When the corps passed by the Arikara villages going downstream they deliberately withheld news of their leader’s death, in fact, the Arikara didn’t hear word of Arketarnarwhar’s death until 1807. The Arikara developed a hostility towards the United States thereafter, and harassed trappers and traders alike coming upriver, and actually halted Ensign Nathaniel Pryor’s expedition to return the Mandan Chief Shehek Shote to his people at Knife River in August 1808 with a war party of about 650 Arikara warriors. Location: where the Grand River converges with the Missouri River near present-day Mobridge, SD.
The Saúŋ Lakȟóta, who had their own mixed history with the Corps of Discovery, were also present when the Arikara stopped the Pryor expedition. The Wapȟóštaŋ Ğí (Brown Hat) Winter Count records the event that a Huŋkphápȟa man named Red Shirt was killed. No Ears recorded the year with the following text, “Ogle Luta on wan itkop ahi ktepi,” which translates a few ways, but essentially means that Red Shirt died in conflict. Lone Dog’s pictograph indicates that Red Shirt died by two arrows.
It is possible that Oglé Lutá (Red Shirt), in the Lakȟóta tradition of great leaders, had a different name, Tȟatȟáŋka Sapá (Black Bull). It should be noted that in the Corps of Discovery’s encounter with the Thithúŋwan (Teton) along Bad River in 1804 ended when the Corps gifted a Lakȟóta leader, then Black Bufallo, a hat, a medal, and a red military coat. Black Buffalo intervened on behalf of the Corps of Discovery when the Corps refused to pay a toll. Black Buffalo ordered the warriors to lower their bows. The Corps passed after throwing a twist of tobacco at the feet of the Lakȟóta.
The Arikara War of 1823
The third possibility is the Arikara War of 1823.
The Arikara War saw Colonel Henry Leavenworth ascend the Missouri River to defend the interests of the American Fur Company from the hostile aggression of the Arikara. Leavenworth led a command of six companies of the US Infantry, and an aggrieved William Ashley plus sixty men of the American Fur Company who were accompanied by about 750 Očhéti Šakówiŋ warriors.
The Očhéti Šakówiŋ led the assault on the Arikara village at dawn on Aug. 9, 1823. The fighting consisted of an exchange of gunfire and hand-to-hand fighting until the Arikara retreated behind their stockade. The following morning Leavenworth ordered artillery to commence firing on the Arikara. The Arikara pressed for a cease-fire soon after and Leavenworth heard them out. Thirty Arikara were killed by the artillery in addition to the fifteen from the previous day’s fighting.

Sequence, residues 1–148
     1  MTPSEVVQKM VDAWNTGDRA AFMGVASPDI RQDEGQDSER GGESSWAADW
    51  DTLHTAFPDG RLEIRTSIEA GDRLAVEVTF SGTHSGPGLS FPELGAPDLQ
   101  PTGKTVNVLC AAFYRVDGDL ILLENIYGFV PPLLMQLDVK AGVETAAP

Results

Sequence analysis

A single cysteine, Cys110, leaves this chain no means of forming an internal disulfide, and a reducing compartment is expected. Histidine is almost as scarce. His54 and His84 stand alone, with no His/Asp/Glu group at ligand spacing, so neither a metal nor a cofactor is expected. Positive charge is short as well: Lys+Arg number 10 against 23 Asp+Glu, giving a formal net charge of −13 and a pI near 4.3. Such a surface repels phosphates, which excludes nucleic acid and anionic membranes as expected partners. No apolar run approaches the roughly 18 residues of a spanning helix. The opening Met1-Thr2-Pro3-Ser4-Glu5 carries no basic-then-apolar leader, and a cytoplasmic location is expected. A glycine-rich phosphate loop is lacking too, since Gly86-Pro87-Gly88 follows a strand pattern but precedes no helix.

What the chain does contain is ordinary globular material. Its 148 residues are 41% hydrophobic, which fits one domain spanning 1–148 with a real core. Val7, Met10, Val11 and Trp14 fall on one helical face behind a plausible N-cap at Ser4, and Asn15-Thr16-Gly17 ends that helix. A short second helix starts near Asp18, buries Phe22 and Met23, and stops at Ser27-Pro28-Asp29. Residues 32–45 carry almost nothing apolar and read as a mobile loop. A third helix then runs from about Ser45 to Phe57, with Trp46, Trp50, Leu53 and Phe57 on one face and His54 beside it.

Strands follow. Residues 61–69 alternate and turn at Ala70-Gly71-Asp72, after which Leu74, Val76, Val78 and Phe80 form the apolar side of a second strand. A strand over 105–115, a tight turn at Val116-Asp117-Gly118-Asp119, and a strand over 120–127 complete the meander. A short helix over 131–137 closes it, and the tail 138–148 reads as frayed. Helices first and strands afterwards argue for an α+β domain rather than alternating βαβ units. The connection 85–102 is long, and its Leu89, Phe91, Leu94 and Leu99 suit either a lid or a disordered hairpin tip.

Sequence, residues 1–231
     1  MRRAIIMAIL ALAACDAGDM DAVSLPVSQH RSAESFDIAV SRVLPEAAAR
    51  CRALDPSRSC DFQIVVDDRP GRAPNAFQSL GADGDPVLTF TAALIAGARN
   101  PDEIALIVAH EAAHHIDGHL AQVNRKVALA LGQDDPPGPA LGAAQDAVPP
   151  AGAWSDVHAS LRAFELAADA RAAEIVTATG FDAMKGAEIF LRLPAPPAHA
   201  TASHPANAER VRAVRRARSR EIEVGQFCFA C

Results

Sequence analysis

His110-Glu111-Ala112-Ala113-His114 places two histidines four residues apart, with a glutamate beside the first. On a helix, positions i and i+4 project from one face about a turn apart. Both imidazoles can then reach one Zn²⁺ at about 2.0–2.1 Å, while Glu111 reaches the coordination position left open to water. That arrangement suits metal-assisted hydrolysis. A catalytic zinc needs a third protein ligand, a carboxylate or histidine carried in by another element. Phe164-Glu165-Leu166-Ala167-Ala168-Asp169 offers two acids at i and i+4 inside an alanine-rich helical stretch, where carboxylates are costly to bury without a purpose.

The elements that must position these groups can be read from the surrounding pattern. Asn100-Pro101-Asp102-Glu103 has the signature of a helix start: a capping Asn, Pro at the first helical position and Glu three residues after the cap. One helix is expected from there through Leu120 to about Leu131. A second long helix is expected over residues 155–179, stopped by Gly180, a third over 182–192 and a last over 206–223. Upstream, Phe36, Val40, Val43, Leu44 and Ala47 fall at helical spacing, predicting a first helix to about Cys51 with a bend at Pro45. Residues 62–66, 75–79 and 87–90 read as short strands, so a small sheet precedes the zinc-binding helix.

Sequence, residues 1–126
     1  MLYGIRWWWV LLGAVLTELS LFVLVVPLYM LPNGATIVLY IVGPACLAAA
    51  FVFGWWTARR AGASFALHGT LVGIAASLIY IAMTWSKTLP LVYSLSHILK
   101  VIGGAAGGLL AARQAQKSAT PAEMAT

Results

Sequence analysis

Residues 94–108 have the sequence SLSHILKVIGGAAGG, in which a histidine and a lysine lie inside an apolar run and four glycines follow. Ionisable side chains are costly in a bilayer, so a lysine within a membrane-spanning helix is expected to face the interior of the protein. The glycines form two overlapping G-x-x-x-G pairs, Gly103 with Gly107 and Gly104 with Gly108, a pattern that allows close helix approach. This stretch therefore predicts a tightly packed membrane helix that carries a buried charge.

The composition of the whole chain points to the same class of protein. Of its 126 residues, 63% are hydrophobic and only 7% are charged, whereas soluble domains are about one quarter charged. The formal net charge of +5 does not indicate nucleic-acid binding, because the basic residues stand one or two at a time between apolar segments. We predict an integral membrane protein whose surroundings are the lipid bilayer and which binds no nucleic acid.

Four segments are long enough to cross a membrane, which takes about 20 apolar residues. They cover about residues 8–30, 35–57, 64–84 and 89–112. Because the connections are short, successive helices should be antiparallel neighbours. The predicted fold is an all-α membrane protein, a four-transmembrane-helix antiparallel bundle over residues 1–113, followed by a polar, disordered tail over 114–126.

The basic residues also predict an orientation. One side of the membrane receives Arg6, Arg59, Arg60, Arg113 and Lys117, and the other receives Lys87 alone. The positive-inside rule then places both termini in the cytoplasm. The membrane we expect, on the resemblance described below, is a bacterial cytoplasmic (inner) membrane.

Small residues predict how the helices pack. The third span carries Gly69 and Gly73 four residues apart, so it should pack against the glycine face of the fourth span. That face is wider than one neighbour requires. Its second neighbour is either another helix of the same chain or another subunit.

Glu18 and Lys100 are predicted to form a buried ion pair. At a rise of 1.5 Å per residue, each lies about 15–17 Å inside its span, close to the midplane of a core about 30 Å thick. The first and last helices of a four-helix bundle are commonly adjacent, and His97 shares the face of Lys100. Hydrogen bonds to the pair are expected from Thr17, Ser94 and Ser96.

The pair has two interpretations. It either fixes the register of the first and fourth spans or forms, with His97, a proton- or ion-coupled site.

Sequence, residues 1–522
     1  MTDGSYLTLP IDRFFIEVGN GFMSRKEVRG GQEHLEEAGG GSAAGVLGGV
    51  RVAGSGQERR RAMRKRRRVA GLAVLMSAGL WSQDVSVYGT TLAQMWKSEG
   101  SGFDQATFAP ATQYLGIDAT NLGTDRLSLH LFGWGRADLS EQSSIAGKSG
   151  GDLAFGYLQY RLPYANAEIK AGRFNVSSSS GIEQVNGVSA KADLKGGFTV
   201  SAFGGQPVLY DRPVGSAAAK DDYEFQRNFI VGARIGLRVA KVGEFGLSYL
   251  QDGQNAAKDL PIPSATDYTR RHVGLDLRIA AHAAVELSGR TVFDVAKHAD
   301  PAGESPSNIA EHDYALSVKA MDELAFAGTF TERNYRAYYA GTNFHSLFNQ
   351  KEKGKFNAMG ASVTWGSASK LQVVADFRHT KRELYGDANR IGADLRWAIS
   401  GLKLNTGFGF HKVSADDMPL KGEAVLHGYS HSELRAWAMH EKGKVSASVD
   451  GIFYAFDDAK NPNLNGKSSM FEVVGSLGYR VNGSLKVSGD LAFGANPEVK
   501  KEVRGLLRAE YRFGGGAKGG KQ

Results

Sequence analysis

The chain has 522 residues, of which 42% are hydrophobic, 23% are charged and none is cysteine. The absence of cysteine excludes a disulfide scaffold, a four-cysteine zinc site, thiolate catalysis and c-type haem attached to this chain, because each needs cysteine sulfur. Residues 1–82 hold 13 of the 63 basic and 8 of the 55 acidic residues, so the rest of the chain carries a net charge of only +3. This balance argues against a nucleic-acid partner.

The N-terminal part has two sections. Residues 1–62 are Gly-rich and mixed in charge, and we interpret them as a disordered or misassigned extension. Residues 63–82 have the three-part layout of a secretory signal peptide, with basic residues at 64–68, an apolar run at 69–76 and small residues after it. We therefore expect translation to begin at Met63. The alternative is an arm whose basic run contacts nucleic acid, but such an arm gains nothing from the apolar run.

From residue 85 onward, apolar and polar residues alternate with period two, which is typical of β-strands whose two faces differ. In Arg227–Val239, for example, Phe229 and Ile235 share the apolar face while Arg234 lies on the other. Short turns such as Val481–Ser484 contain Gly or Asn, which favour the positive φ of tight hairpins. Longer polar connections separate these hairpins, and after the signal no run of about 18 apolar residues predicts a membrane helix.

Leavenworth negotiated peace with the Arikara. Unbeknownst to Leavenworth, the Arikara were preparing to abandon their village that very night. The peace talks were likely a diversion while the village made ready. The Arikara left that night under Leavenworth’s sleepy watch. The Očhéti Šakówiŋ warriors were anticipating a fight in which they’d get many war honors, but were ultimately disgusted with Leavenworth’s decision to treat with the Arikara. The Očhéti Šakówiŋ raided the Arikara cornfields. Ashley was also disgusted with Leavenworth in that the entire Arikara village wasn’t destroyed.
The Lakȟóta remember the Arikara War of 1823 as “The year of much dried corn.” Many winter counts depict stalks of corn to remember 1823 and frequently reference conflict with the Arikara. It is interesting to note that while Leavenworth organized this punitive campaign against a Plains Indian tribe, and referred to his command, including the Očhéti Šakówiŋ, as the Missouri Legion, that three winter count pictographs actually mentions Leavenworth, his soldiers, or the trappers in his command.
The Swan winter count recalls 1823 as “US troops fought Ree Indians.” The 1823 entry on The Flame winter count is “White and Dakotas fought Rees.” Cloud Shield reveals a little more, “They joined the whites on an expedition up the Missouri River against the Rees.” Lone Dog’s entry says, “White soldiers made their first appearance in the region.” Lone Dog does not mention the Corps of Discovery as his people, the Iháŋktȟuŋwaŋna Dakȟóta were stealing horses from the Crow in 1804. Had this band of Iháŋktȟuŋwaŋna been at Bad River in 1804, they certainly would have recorded white soldiers ascending the river as Blue Thunder, also an Iháŋktȟuŋwaŋna, did.